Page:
The United States Office of the Comptroller of the Currency (OCC) has announced that national savings banks and federal savings associations are now allowed to provide “safekeeping and custody services” for their clients’ digital currency holdings.
The announcement was made via a public letter that appears to be to an unnamed bank from OCC Senior Deputy Comptroller and Senior Counsel Jonathan Gould. The announcement was later confirmed by the OCC Acting Comptroller Brian Brooks, who said:
“From safe-deposit boxes to virtual vaults, we must ensure banks can meet the financial services needs of their customers today. This opinion clarifies that banks can continue satisfying their customers’ needs for safeguarding their most valuable assets, which today for tens of millions of Americans includes cryptocurrency.”
What this means
The announcement from the OCC means that users can deposit their digital currency holdings with a bank, the same way they would deposit fiat currency at a bank.
“The OCC recognizes that, as the financial markets become increasingly technological, there will likely be increasing need for banks and other service providers to leverage new technology and innovative ways to provide traditional services on behalf of customers,”
The OCC has made this move to provide support to bank customers and the modern problems they may face, such as safekeeping their digital currencies which is accompanied by the risk of protecting and remembering their private keys.
“Because digital currencies exist only on the blockchain or distributed ledger on which they are stored, there is no physical possession of the instrument. Instead, the right to a particular unit of digital currency is transferred from party to party by the use of unique cryptographic keys. Therefore, a bank ‘holding’ digital currencies on behalf of a customer is actually taking possession of the cryptographic access keys to that unit of cryptocurrency,” says the letter.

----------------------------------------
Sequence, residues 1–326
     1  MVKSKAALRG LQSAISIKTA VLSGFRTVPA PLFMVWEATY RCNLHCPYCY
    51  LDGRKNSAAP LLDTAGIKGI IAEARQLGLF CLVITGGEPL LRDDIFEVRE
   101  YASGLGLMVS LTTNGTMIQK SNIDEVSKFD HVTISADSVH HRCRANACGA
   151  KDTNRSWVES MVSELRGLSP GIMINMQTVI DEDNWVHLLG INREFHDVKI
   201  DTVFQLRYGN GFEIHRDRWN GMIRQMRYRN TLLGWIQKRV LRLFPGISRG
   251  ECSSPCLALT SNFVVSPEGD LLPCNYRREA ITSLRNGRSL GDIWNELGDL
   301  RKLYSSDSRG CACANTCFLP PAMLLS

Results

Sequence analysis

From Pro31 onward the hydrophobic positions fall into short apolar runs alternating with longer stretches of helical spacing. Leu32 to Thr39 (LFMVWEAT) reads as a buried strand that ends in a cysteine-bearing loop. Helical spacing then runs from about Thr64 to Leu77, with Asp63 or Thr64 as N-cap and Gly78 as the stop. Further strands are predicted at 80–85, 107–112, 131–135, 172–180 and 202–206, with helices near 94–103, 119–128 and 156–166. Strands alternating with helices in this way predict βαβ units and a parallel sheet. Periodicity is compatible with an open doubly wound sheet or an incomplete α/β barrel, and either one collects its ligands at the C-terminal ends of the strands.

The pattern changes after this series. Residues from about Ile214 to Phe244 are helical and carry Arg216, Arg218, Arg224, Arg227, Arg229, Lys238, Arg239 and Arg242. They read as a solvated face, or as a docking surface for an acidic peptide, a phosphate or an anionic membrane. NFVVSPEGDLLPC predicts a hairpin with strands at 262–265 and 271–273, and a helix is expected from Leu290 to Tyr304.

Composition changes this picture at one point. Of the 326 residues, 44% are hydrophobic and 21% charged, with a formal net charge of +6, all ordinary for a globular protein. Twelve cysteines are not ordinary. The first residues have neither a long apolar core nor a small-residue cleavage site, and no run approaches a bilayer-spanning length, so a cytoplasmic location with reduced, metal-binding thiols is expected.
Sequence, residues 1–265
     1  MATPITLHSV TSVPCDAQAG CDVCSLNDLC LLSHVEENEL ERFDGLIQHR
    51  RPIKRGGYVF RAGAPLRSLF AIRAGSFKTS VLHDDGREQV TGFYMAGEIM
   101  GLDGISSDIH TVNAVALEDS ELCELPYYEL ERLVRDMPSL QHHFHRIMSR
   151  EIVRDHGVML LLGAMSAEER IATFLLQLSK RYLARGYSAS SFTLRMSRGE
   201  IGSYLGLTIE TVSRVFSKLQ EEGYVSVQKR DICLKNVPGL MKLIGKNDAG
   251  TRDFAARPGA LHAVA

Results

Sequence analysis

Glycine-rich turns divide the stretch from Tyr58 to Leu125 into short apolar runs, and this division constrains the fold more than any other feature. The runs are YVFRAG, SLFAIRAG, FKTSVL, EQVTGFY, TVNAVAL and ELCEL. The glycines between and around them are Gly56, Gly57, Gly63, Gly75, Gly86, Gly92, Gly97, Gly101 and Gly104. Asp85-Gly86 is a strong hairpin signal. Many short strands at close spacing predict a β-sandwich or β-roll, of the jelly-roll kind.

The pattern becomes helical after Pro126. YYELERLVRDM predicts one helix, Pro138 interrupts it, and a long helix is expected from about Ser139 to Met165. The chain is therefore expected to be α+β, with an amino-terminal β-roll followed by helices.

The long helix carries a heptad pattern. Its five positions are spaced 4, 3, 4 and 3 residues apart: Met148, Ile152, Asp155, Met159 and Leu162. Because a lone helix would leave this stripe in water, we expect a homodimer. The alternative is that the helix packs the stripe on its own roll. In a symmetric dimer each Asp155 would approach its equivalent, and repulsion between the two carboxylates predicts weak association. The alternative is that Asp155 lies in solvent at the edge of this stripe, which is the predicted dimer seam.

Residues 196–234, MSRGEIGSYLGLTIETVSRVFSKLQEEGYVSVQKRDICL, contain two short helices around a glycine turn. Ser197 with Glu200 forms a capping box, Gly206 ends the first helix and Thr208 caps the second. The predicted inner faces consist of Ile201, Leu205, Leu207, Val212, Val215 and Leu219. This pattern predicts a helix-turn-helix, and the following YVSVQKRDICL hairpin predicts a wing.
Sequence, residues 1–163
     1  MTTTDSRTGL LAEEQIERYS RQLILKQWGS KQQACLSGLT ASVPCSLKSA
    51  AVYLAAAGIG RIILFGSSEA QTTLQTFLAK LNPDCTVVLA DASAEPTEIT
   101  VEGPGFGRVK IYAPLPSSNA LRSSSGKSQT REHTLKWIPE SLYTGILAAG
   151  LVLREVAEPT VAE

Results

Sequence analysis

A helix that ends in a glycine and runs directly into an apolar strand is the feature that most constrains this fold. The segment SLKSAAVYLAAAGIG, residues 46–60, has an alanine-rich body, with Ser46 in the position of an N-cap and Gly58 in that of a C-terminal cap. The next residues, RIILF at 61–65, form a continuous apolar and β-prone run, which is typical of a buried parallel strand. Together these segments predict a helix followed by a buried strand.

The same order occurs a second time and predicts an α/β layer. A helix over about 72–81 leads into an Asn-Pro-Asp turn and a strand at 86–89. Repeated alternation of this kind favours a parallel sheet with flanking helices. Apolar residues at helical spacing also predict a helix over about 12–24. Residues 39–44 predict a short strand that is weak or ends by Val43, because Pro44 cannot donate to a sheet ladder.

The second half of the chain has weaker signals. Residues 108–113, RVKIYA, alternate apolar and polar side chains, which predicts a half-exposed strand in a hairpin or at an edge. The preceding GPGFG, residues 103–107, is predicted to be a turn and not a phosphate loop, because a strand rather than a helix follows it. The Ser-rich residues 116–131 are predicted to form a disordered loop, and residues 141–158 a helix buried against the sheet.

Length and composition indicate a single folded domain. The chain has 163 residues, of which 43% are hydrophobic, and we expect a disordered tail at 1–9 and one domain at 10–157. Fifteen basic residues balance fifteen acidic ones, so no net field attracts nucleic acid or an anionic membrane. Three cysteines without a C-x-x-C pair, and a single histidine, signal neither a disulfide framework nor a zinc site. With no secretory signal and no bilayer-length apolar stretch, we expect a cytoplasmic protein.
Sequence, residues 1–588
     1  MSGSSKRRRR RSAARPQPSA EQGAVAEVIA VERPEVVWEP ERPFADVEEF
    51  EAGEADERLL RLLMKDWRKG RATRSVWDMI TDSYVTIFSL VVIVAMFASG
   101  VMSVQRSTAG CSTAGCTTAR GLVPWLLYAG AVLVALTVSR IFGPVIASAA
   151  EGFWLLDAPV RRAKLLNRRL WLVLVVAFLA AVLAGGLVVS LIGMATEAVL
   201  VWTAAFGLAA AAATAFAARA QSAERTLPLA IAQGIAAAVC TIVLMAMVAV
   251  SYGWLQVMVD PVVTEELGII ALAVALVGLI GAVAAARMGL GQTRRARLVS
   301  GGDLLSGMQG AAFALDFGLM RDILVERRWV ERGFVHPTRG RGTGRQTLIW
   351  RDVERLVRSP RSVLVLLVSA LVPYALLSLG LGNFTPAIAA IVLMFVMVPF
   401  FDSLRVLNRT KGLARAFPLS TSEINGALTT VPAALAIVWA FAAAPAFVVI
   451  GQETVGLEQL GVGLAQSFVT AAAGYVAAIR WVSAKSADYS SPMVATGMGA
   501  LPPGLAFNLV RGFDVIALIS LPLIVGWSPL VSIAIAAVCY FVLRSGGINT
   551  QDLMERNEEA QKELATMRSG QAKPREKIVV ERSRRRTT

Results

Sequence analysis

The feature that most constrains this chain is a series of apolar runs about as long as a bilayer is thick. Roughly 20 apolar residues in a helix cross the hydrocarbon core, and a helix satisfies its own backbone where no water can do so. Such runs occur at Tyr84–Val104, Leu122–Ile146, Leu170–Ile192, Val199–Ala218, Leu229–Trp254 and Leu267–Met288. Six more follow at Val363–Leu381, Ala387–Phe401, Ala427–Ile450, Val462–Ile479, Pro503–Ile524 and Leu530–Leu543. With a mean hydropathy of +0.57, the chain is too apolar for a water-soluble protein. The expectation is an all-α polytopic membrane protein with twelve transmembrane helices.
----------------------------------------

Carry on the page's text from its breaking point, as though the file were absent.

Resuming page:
Who will use this service?
This announcement from the OCC is a big step for the digital currency industry; it will help the industry mature and adds to its legitimacy. Although, it is not quite clear who will be using the digital currency service that banks will soon offer. Many digital currency market participants prefer to—and take pride in—holding their own private keys. You often hear them say “not your keys, not your coins,” that being said, it is doubtful that retail investors will be using their banks to safeguard their digital currency.
What is more likely is that institutional services and digital currency exchanges will turn to these legacy banks to safeguard their digital assets the same way they turn to these banks to safeguard their fiat currency.
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